It’s been a week like no other here in Houston, waiting out Hurricane Harvey and what became the never ending rain that followed. I was extremely, extremely fortunate in that my house didn’t flood and I had power the whole time. It was just a very frightening long weekend, waiting to see if my house would flood overnight and then waking up to see on the news that many houses had. If you can, please try to donate to a reputable charity to help those impacted by the severe storm. Continue reading BBQ Venison
This spring I visited Berlin, which should be the subject of its own post, but one of the strangest parts of the entire trip was ending up at a Berlin IKEA with a herd of goths. While I was there, I participated in an event for which there was an introductory session for a few hours, then we had to break for dinner before the event itself. We were way out away from everything and “How to do dinner?” was a challenging question. The answer was far more surreal than any of us had expected — there was an IKEA (with its cafeteria) within walking distance. So there we were, probably fifty people, occupying a range from “looks fairly mainstream” to “I know no other color but black,” descending upon IKEA.
It was fantastic fun! However, since this page is about cooking, how does this relate? Is this post about Swedish meatballs? While I should try to make those, it is instead about prinsesstårta, a.k.a. Princess Cake. Continue reading Prinsesstårta (Princess Cake)
This weekend is Memorial Day here in Texas, but also my grandmother-in-law’s 89th birthday. She requested “bird’s nest cake” or “poke cake.” I wasn’t sure what bird’s nest cake was (later discovered it was hummingbird cake!) so poke cake it was. A poke cake is a cake where you pierce the top with a fork and then pour liquid on top of it for extra flavor or to make it very moist.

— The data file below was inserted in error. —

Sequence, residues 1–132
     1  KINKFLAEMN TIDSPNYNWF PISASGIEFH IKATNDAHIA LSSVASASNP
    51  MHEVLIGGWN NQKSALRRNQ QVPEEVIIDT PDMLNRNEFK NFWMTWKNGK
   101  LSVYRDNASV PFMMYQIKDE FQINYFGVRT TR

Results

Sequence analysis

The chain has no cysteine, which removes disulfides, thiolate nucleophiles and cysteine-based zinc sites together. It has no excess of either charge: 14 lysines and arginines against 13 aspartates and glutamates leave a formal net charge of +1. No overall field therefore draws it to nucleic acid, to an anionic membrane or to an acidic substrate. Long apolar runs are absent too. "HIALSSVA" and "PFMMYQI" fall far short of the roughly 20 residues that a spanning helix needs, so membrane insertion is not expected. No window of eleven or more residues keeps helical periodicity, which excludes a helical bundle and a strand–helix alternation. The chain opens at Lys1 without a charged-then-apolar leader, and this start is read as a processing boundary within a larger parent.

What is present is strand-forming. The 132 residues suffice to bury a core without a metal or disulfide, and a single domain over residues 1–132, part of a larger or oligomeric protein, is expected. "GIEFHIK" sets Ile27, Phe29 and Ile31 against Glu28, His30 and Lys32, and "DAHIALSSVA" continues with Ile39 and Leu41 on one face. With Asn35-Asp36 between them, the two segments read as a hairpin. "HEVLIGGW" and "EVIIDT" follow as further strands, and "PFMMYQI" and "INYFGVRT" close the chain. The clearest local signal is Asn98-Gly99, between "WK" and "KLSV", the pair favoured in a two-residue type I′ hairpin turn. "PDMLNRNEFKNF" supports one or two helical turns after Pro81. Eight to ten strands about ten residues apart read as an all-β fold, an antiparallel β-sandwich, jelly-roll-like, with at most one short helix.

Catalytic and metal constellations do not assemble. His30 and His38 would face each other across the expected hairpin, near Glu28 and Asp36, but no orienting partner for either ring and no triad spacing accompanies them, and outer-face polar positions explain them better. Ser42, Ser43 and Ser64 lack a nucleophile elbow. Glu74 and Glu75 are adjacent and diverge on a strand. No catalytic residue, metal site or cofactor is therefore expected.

A lot of poke cake recipes seemed to just be normal cake with colorful juice or liquid poured on top, which didn’t sound very delicious. What is the best poke cake in the world? Tres leches.
Shakshuka is a really popular recipe right now, although I had never heard of it until recently. But the pictures all looked so striking and delicious and eggs poached in tomato sauce sounded like a fabulous idea! I’ve been including a lot more eggs in my diet lately and also more vegetarian meals. This has become one of my favorite dishes for lunch.
However, what I make isn’t quite shakshuka. Let’s call it shakshukish. I made real shakshuka once and enjoyed it, but I found myself wishing for tomato sauce flavored more like marinara sauce. So then I made it that way, with parmesan cheese on top instead of feta. But then I missed the feta. So now it’s marinara sauce for me…with feta!
There is a wonderful Turkish restaurant named Istanbul Grill in Rice Village in Houston. Their meats are always full of flavor and they have a rice pilaf with chickpeas that I could eat forever. But what always makes me think of going there is their red lentil soup. A few years ago a friend recommended it to me and I’ve been in love since. It is the perfect soup for a cold day.
Unfortunately right now in Houston it’s been hitting the 80s in February. But between bouts of existential dread at global warming we have had a few chilly days and I decided to try making Turkish red lentil soup myself. Continue reading Turkish red lentil soup
For the past six years I’ve undertaken a project which sounds simple, but is in fact deceptively complex: Christmas cookies. I’m not Christian, so really these are just “random cookies my friends get in the mail in December,” but I still really enjoy and celebrate a secular Christmas so who cares what they’re called!